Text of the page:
It’s 1979 and there’s a vicious serial killer on the loose named ‘Seed’. Seed has a penchant for locking his victims away in dark cells leaving them to die, videotaping them the entire time. Soon Seed is captured and sent to death row to await his execution. In the meantime, the state pen has some problems with their electric chair; it’s old and faulty and doesn’t do a very good job. This is cause for concern since Seed's execution is coming up and he's quite a hefty guy. Buried after his botched bolt barrage on old Sparky, Seed is back to pay vengeance on all who have interfered with his grisly hobby.
Uwe Boll; we all know him, most of his despise him. There’s little grey area between the camps of Boll’s critics. A champion of piss poor video game adaptations that leave their audiences cringing, the mention of a second Boll release in the same month is horror enough for some. “Seed” however is a change of pace for Boll; this one’s all original. Written and directed by Boll and not influenced by any means by a video game, “Seed” makes for a change of pace, and a change of quality from the mad man of Germany.
“Seed” doesn’t break the formula of supernatural revenge killers. In fact, it’s pretty run of the mill as far as this brand of slashers go. A hulking man rises from the grave, kills people that did him wrong. We’ve seen it so many times over the years; it’s barely scary these days. As a matter of fact, I would have been more shocked and awed if ‘Seed’ had shown up without a mask! Luckily though, he’s got his uniform in order. When a movie is as cliche as this, the highlights are brought out in the kills. While “Seed” fails to blow the viewer away in this area, it still manages to be entertaining.
In “Seed”, Boll actually tries to stretch his wings a bit and gives us some more drawn out death scenes. There are many that are quick and hard to see if you’re not paying attention; however some are filmed in loving detail to make you squirm in your chair a bit. The scene in which the killer tortures an old woman with a hatchet is drawn out for nearly five minutes and is all the better for it.
It shows the killer's love of the kill and his enjoyment of toying with his enemies. Boll actually shows an attempt to develop a character, and dare I say cultivate a killer for a franchise. The problem is that ‘Seed’ comes across as overly generic; most supernatural bad guys have a signature finishing move so to speak. Jason has his machete, Mike Meyers has his butcher knife. Seed has a random assortment of tools and props that fail to give him this signature and something to identify him with in the sea of similar masked mad men.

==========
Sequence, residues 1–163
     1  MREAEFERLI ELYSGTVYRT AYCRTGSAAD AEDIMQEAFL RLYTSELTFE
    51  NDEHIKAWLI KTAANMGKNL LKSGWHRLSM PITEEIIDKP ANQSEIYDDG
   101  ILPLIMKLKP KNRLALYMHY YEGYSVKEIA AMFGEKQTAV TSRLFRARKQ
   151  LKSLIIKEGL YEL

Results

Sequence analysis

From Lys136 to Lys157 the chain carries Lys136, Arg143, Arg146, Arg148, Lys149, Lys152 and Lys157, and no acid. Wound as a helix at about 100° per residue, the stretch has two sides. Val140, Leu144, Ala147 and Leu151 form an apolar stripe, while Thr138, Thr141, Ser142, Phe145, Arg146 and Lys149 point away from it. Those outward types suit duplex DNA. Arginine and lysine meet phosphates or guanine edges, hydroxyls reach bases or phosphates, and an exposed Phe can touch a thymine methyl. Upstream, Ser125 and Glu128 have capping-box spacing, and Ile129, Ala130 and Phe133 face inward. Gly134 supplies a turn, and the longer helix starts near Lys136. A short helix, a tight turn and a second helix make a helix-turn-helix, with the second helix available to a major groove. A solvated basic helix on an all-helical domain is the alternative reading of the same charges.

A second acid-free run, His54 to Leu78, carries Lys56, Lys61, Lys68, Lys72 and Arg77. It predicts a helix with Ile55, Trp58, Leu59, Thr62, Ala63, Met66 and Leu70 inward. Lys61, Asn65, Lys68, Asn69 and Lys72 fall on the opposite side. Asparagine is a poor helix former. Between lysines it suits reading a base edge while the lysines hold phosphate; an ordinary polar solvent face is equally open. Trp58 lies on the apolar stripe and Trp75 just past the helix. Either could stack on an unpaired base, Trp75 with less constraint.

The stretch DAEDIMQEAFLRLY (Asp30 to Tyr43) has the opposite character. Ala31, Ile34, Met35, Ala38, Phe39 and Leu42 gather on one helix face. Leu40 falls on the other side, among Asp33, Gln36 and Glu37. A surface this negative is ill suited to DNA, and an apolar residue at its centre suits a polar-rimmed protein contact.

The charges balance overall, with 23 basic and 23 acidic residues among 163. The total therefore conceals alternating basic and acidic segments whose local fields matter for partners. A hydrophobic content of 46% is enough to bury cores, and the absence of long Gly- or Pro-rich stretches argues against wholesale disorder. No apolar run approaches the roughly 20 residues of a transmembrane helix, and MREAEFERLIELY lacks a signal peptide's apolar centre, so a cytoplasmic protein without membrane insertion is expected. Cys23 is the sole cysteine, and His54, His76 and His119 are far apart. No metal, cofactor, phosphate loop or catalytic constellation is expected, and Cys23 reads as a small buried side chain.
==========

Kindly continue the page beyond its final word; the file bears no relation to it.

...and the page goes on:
“Seed” shows admirable growth in Boll’s screenwriting abilities as well, but it also showcases his ability to become overwhelmed with details. We spend the first fifty minutes of the movie fleshing out the back story of Seed. This is well and good, character development is needed and expected. Where the problems arise are in the editing as it all becomes convoluted and jumps perspectives too many times to remain coherent. In this fifty minute time period we jump through four variations of the time line; the investigation of Seed's crimes, his arrest, his time on death row, and his execution. Laid out in this manner, all seems well and good. In actuality, they jump back and forth across the timeline leaving us with a confusing mish-mash of scenes which are interesting in a whole, but they’re hard to follow along with.
When we eventually make it through this error of editing we are taken to the revenge portion of the film which plays out in rote form. Bad guy wakes up, stalks his victims, gets his revenge. In many parts it is not as action packed as you would normally see in a slasher flick. There’s a little more exposition from our heroes than focus on the bad guy. Aside from the earlier described hatchet scene, most of Seed's deeds are handled swiftly and show not a lot of detail. The after effects of these deeds are done well however and make for some decent gore. Just show us more of the foreplay to go with the money shot!
The acting here is run of the mill and neither disappoints nor excites. Michal Pare stars as the detective who broke the case and the focus of Seed’s affections. Will Sanderson, another Boll stalwart having appeared in such classics as “Bloodrayne” and “Alone in the Dark” shows up as our hulking killer. There’s a nice surprise cameo from Stargate SG-1’s Don Davis as well. It’s a small part, but we get to hear some F-bombs so it makes for a good laugh at least.
“Seed” is not going to reinvent the slasher genre. It’s not going to renew everybody’s faith in Boll either. I do feel safe in saying that it’s Boll’s most cohesive movie to date, but as we've discussed, that’s not necessarily saying a lot. The haters will find plenty in this movie to rip apart, be forewarned. If you can keep an open mind, it’s not too bad of a horror flick coming from the man who shat out “House of the Dead”. If nothing else, the DVD comes with a free copy of "Advent Rising" for the PC. Why? No freaking clue!